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First aid kits, boots and batteries – how small but significant cryptocurrency funds are used in global conflicts


On the Russian side, that limits the effectiveness of Western financial sanctions, including efforts to cut-off Russian access to traditional bank networks like the SWIFT cross border payment system. On the Ukrainian side, it expedites the process by which such support – be it from Western donors or family and friends – becomes available.

And while the numbers involved are small compared to, say, the US$10 million price tag on a US-supplied M1 Abrams tank, the direct and targeted transfer of funds to soldiers on either side of the battle lines allows them to buy the specific items that could save lives.

Observing the growing use of cryptocurrencies to fund other groups involved in military operations throughout the world, Andrew Fierman, sanctions strategy lead at Chainalysis, said the use of digital assets in the Russia-Ukraine conflict is a sign of things to come.

“Historically we’ve definitely seen cryptocurrency used in armed conflict,” he said, citing examples of the Islamic extremist groups al-Qaeda and ISIS.

And while those examples were on a smaller scale, current usage in the Russia-Ukraine war is “certainly the largest scale that we’ve seen cryptocurrency used in an armed conflict thus far and I certainly can see it continuing to be used,” Fierman said.

Sales of oil and gas accounted for an estimated 45 per cent of Russia’s federal budget before the invasion of Ukraine and the onset of war on February 24, 2022.
Despite ongoing Western efforts to limit those revenues, Moscow continues to pump the equivalent of tens of billions of dollars into its war effort, with The Economist estimating that the Kremlin maintains a war chest of around US$67 billion a year.
In comparison, funding via cryptocurrency is modest to say the least. Nevertheless, pro-Russian militia groups, many of which are under sanction, have still received an estimated US$20 million in donations for their activities in Ukraine, according to a report released late June by blockchain analytics firm Elliptic.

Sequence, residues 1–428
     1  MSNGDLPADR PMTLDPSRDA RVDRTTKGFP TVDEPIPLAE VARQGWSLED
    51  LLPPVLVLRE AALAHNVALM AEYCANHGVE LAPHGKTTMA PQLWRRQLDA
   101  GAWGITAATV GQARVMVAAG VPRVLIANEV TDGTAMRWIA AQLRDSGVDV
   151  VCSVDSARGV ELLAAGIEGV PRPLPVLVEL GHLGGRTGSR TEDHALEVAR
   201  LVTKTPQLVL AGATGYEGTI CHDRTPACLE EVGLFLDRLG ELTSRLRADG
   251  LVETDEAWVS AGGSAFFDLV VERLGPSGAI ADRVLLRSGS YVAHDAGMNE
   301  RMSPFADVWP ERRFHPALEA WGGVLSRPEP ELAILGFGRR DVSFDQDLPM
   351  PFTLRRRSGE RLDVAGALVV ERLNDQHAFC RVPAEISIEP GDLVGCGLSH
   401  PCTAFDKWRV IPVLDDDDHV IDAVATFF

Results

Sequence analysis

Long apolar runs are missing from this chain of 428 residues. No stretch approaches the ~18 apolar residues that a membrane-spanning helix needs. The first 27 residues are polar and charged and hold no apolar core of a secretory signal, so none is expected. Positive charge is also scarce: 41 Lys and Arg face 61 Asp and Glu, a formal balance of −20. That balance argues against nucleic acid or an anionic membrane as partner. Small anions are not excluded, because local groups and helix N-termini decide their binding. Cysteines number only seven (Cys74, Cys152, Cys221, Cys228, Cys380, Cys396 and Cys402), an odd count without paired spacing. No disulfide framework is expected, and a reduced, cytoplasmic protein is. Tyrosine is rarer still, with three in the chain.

The use of social media platforms like messaging service Telegram and VKontakte – the Russian equivalent of Facebook – to solicit those donations and the open-source nature of transactions on the blockchain allow firms like Chainalysis and Elliptic to monitor inflows to specific groups, practically in real time.

In the case of Russian mercenary military groups, Fierman said, the transparency of the blockchain provides “an entire new level of clarity” for monitoring those flows.

This includes the ability to monitor where exactly the funds are coming from, where they are cashed out and – by connecting the dots between social media usage and transactions on the blockchain – how they are used.

“We started uncovering these groups and started looking at what they were actually looking to purchase,” said Fierman. “We’re not looking at groups trying to purchase new helicopters or tanks. We’re talking about things like night vision or new drones or body armour or new boots.”

And while those items may only cost in the hundreds or thousands of dollars range, they are nonetheless items that make a genuine impact on actors who are actually operating on the frontline, he said.